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An Occasionalist Picture of the Universe

An Occasionalist Picture of the Universe

Nathan Ruler

Nov 1, 2011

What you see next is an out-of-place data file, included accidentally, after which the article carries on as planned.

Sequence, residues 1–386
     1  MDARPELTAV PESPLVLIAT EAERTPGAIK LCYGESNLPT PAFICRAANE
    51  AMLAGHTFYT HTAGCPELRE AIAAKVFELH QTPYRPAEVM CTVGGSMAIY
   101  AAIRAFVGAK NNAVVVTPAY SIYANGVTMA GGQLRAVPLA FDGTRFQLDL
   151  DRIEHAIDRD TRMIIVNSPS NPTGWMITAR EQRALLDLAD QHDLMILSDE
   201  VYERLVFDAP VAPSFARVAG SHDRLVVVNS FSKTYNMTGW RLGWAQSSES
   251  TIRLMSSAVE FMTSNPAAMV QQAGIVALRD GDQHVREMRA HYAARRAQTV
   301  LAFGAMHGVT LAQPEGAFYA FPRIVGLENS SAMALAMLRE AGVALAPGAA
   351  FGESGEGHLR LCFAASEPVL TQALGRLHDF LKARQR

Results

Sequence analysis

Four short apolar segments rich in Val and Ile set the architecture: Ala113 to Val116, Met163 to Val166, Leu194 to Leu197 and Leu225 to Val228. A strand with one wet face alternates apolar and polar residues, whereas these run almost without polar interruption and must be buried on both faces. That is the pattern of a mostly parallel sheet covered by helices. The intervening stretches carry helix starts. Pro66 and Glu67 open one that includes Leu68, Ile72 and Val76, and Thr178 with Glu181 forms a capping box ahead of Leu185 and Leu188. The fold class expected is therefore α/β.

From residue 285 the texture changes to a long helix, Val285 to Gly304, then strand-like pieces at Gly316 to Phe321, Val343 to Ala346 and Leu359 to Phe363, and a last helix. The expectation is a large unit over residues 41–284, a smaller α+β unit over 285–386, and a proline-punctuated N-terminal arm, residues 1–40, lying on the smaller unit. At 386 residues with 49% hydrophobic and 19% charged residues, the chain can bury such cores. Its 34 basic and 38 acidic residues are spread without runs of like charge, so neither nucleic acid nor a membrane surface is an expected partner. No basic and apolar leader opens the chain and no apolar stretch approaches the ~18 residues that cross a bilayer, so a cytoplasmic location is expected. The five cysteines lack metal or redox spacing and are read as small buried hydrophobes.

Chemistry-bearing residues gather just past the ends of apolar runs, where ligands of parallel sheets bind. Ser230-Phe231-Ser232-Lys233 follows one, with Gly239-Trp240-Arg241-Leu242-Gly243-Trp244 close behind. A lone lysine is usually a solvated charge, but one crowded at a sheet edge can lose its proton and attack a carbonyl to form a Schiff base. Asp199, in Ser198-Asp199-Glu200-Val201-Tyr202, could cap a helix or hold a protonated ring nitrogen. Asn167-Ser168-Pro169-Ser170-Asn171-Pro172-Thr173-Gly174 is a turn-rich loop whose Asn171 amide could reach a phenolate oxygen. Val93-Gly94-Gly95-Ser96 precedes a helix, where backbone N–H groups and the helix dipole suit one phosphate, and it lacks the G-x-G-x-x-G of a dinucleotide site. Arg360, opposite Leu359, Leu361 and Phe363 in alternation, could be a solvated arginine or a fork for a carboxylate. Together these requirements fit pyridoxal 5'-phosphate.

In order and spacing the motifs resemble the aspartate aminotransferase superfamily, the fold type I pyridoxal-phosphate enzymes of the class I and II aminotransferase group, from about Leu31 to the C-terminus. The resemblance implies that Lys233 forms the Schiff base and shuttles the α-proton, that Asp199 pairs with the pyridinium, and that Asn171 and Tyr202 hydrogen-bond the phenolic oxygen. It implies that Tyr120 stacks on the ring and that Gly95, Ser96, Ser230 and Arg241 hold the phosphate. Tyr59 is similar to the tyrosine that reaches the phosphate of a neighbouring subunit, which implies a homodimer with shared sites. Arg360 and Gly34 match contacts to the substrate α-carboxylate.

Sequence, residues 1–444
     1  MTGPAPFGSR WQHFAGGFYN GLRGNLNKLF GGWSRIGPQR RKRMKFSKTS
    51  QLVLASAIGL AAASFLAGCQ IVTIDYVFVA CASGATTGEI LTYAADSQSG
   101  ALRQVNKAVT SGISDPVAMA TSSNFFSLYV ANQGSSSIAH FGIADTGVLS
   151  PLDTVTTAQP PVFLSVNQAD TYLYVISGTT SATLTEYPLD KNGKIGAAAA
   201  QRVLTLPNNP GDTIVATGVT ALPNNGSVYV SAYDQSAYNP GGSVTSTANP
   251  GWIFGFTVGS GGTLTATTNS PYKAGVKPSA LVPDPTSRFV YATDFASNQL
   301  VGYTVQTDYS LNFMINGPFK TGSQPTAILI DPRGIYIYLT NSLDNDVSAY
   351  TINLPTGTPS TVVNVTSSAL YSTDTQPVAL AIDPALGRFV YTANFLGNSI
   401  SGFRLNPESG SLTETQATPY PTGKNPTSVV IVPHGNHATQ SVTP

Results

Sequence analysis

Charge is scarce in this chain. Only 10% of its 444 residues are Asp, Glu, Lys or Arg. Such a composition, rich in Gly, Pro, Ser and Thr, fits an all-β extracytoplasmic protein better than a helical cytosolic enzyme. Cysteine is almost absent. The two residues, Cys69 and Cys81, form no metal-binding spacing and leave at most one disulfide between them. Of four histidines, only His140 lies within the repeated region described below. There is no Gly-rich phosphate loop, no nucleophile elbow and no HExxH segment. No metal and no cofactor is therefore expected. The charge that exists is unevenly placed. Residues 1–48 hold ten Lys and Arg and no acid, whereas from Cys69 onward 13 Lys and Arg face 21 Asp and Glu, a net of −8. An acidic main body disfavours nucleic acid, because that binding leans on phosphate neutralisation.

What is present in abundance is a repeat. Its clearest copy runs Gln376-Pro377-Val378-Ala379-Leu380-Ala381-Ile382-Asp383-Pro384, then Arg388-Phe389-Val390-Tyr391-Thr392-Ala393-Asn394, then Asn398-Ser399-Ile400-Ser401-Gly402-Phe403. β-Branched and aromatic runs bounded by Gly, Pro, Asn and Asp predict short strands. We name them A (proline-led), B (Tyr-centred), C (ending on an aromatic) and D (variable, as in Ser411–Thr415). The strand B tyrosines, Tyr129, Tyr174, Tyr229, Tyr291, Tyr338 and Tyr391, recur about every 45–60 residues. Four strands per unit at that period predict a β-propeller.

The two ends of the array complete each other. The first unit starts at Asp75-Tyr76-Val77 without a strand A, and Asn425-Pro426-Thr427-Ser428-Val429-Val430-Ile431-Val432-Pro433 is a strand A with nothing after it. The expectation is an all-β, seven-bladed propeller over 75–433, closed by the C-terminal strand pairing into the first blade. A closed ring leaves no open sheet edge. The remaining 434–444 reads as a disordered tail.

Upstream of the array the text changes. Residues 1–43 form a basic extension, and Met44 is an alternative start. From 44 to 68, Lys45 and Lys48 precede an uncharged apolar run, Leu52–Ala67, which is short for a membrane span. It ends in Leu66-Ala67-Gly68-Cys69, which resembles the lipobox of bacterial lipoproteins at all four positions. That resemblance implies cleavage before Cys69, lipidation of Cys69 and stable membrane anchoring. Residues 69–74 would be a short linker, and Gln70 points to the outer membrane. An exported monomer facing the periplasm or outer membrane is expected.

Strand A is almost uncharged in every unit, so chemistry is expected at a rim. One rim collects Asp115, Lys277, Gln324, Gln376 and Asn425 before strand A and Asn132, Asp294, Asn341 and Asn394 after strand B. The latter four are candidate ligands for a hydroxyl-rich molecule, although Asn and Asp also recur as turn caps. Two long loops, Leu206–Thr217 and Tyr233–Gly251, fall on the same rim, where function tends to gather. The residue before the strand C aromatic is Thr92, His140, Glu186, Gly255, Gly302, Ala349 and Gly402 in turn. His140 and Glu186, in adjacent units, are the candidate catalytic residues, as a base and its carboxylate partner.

When we watch a movie, we think that we see a continuous movement of an object. For instance, a car seems to be moving for a certain time. In other words, there is just one car which is moving. The reality is completely different. In fact, we are confronting a series of images or frames, separated from each other by thin black strips. When we watch a movie, we receive 24 frames per second. But due to the quick movement of images, we are not be able to distinguish different frames in this discontinuous flow and perceive them continuously, as if there is just a car moving over time rather than many different pictures rapidly succeeding each other. Our inability to perceive the distinct frames in movies raises the question as to whether the universe is perceived in the same incomplete way. Do the objects in the universe have their own independent existence and causal powers or are they constantly sustained and created? There is a story about Moses, peace be upon him. Even though we do not know whether or not it is true, it has a lesson to teach. According to the story, Moses wonders about God and requests Gabriel to arrange a meeting with God for him. Gabriel comes with a message that God will disclose Himself to Moses at midnight, but that Moses must wait for Him with two glasses of water in his hands. Moses prepares his glasses and begins to wait for God. As midnight approaches, Moses briefly falls to sleep. The glasses suddenly fall on the ground and the resulting sound wakes him from his sleep. Then Gabriel comes with the following message of God: "I am always with you and with all beings, if I cease to apply my power just for a moment, everything will crash and the order will disappear as your glasses fall down." There are different views of God's relation to the universe, ranging from atheism to occasionalism (defined below), but can we really justify the belief that God constantly sustains the universe, as the story suggests? The idea that God's creative activity is continuous in the universe is known as "continuous creation." However, there are different versions of this doctrine. St. Augustine believed that the universe is constantly sustained by divine power, but he does not rule out the possibility that each being also has its own power to produce something by the help of divine power. This version of continuous creation resulted in St. Aquinas's view of "concurrentism," which states that a certain event is produced together by divine power and the power of finite beings. Another version of the doctrine of continuous creation is called "occasionalism," which denies the ascription of any causal power to finite beings. According to occasionalism, everything is created only by God at each moment and no finite being has a role in the creation. This doctrine was formulated first by the Ash'arite tradition in Islamic theology, was echoed among the Cartesians, the philosophers who followed Descartes, and famously articulated by Malebranche. This article aims to show that occasionalism is a plausible explanation of the universe.